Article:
Karl Sester, a German road engineer, rediscovered it in modern times in 1881. An expedition to Mt Nemrud was organized in 1882-83 by Karl Humann and Otto Puchstein, who published their findings in a book entitled Reisen in Kleinasien und Nordsyrien (Berlin 1890). Osman Hamdi Bey and Osgan Effendi also investigated the site in 1883 and their findings were published in a book entitled Le Tumulus de Mount Nemrut (Istanbul 1883). F. Karl Dorner and Rudolf Naumann mounted an expedition to Mount Nemrut in 1938. Dorner returned to the site after 1951 and began working there with the US researcher Teresa Goell. In 1984, a Turkish-German team led by Professor Dorner successfully carried out restoration work at the site. Excavation and restoration work has been continuing since 1989 under the direction of Sencer Sahin. In 1988, Mount Nemrut and its environs were declared a national park. The tumulus on the summit of Mount Nemrut measures 50 meters high and covers an area 150 meters in diameter. It is formed from stones the size of a fist and is bounded on the east, west, and north by terraced courts carved out of the native rock. The eastern court was the center of the sacred precinct and is the most important group of sculptural and architectural works. It is surrounded on the west by colossal statues, on the east by a fire altar in the shape of a stepped pyramid, and on the north and south by low walls of orthostats (upright stone slabs) standing on a long, narrow base.
The ruins on the top of Mount Nemrut
The ruins on the top of Mount Nemrut indicate that it was not a residence, but specifically built for the tumulus of Antioch and his sacred space. The tumulus is at an altitude of 2150 meters and overlooks the River Firat and the neighbouring plains. It is thought that the king’s bones or ashes were put inside the room carved into the main rock, then covered by the tumulus which is 50 meters high and 150 meters in diameter. The courtyards are shaped like terraces, and religious ceremonies were held on the western side of Mount Nemrut National Park.
On both terraces, the huge sculptures of the gods, measuring up to 7 meters high, are positioned between the lion and eagle sculptures. These are surrounded by great stone blocks, arranged perpendicularly with inscriptions and embossed designs. The capital city of Commagene, Arsameia, is in the neighbourhood of the old Kahta village. The holy field of Mithridates is also in that area.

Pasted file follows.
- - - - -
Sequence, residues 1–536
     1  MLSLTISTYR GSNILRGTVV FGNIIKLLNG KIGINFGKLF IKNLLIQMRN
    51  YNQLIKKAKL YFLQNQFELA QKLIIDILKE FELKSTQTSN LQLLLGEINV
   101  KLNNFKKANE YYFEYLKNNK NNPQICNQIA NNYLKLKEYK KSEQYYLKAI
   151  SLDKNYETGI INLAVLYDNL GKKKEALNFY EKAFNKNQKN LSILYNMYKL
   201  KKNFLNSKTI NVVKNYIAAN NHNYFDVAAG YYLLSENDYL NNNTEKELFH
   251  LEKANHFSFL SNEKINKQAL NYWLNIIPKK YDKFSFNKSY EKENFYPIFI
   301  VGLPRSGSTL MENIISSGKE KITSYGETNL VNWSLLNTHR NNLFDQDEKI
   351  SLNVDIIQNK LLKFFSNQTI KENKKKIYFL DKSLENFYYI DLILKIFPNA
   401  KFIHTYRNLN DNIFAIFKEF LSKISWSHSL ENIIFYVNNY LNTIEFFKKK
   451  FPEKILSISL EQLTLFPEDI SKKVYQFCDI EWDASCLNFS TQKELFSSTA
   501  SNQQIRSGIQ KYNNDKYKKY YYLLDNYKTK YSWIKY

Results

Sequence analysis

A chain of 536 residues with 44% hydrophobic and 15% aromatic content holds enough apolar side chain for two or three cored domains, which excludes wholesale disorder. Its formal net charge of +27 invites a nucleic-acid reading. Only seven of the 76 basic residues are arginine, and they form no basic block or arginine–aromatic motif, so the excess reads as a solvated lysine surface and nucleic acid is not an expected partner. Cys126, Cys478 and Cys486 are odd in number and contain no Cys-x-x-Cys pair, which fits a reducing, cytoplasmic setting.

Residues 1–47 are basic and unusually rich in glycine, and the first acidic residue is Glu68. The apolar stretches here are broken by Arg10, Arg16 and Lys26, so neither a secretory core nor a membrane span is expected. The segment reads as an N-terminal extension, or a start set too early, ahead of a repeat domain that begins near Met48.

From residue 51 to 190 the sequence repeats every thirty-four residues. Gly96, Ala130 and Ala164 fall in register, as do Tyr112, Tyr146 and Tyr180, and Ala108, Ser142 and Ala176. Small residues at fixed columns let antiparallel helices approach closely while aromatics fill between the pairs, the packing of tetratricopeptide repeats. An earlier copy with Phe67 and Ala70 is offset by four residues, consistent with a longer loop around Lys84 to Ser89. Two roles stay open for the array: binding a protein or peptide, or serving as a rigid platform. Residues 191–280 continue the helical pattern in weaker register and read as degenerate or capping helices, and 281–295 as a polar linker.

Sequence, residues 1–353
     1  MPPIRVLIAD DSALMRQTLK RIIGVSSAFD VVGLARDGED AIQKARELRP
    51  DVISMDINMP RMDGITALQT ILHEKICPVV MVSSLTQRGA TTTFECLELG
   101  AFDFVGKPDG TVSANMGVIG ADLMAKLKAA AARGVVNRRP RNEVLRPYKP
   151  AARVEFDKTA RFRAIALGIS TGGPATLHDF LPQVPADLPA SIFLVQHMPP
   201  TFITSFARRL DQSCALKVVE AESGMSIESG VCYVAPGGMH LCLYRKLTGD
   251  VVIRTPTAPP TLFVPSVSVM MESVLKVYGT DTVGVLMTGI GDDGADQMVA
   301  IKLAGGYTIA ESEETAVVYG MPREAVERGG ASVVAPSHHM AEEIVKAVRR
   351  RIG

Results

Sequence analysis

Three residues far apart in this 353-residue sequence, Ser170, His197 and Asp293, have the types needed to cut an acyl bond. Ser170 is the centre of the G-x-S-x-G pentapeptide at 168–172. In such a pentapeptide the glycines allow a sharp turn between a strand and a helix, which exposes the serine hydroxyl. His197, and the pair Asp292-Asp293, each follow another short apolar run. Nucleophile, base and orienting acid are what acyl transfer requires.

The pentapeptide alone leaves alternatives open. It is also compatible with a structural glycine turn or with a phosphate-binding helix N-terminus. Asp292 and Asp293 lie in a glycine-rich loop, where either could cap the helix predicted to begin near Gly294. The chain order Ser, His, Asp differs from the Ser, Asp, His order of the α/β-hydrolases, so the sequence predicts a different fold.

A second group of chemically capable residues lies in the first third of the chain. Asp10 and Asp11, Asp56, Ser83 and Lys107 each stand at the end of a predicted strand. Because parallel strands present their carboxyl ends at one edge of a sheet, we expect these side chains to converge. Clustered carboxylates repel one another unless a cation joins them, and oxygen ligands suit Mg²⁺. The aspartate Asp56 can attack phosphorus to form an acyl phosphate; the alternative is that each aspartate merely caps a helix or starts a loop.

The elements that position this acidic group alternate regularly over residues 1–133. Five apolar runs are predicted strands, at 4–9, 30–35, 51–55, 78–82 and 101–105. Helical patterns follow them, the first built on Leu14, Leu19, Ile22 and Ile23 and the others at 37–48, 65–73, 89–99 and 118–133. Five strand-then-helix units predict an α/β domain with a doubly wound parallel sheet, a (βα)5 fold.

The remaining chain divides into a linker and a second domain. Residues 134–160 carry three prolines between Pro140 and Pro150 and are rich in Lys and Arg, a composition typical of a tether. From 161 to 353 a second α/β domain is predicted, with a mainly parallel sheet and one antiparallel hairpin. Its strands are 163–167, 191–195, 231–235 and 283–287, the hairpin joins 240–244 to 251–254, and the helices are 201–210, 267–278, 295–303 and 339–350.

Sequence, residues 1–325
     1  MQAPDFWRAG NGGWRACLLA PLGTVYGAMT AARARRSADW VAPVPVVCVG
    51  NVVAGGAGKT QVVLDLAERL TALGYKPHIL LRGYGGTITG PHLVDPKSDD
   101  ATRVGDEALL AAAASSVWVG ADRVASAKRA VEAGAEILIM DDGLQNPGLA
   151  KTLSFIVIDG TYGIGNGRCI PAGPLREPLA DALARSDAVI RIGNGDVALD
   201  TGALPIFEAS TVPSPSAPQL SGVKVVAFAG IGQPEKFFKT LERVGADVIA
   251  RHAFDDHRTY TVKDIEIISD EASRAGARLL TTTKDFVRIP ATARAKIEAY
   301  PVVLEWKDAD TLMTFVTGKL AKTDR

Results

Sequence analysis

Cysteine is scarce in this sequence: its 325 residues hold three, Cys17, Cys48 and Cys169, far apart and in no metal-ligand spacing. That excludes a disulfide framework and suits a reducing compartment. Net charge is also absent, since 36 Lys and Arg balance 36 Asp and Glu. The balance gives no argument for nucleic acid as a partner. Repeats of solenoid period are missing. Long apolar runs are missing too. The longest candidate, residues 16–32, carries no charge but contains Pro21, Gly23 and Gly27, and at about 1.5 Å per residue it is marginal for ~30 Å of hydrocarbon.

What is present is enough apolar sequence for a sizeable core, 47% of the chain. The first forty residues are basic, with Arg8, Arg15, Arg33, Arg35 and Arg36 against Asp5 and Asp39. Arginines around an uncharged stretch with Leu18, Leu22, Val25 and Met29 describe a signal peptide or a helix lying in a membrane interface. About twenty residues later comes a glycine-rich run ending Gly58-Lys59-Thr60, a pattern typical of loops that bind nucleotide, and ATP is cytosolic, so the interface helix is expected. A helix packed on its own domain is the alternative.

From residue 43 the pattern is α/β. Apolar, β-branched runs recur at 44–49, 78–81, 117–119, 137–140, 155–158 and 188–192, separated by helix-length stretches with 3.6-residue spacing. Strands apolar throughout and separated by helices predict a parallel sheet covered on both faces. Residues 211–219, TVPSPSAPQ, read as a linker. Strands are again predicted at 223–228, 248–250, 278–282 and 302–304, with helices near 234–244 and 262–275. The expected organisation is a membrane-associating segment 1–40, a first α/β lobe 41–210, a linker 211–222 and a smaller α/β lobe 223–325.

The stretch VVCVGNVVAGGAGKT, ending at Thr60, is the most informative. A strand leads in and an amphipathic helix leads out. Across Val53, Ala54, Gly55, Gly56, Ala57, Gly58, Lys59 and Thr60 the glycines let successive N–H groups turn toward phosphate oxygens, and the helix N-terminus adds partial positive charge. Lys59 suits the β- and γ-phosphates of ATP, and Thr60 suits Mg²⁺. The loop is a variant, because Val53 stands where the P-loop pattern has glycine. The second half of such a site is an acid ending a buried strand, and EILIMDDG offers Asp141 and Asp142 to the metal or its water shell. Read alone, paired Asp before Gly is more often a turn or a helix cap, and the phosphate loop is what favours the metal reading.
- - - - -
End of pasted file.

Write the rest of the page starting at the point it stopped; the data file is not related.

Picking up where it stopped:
Yenikale is also of great historic interest, and in the area of old Kahta. This castle was built on very steep rocks, and has water depots, baths, mosque, and a hidden water road that leads to river Kahta.
Cendere Bridge, built with one arch on two rocks, crosses the narrowest point of the river Cendere. According to the epitaph written on the columns of the bridge, the Commagene cities had built it in honour of Roman Emperor Septimus Severus (193-211 AD) and his wife and sons. Karakus Peak Tumulus, in which the women of the royal family were buried, is a 21 meters tall tumulus 10 km south-west of Arsameia.
UNESCO World Heritage List
Cultural components of the site are protected under the National Conservation Law No. 2863 and National Parks Law No. 2873. Mount Nemrut Tumulus was registered as a First Degree Archaeological Site under Act No. 2863 in 1986. After the preparation of current detailed maps, this site was revised and its surroundings were designated as an Interaction Transition Zone by Sanliurfa Regional Council for Conservation of Cultural Property in 2008. Finally, the border of this zone, which acts as an unofficial Buffer Zone, was enlarged in 2011 by the same authority for the sake of the conservation of the cultural asset. UNESCO has inscribed Mount Nemrut on the UNESCO World Heritage List in 1987 and called the site the 8th Wonder of the World. Under the National Parks Law (No. 2873), an area that includes Nemrut Tumulus and other archaeological areas covering 13.850 Hectares were declared a Natural Park in 1988.
Sunset on Mount Nemrut National Park
Many of the Mount Nemrut National Park tours will include sunset cocktails at the site, as the statues at Mount Nemrut are quite an extraordinary sight as the sun sets and under the brilliant night stars in the mountain air. There are hotels and restaurants available near the national park, Karadut and Kahta.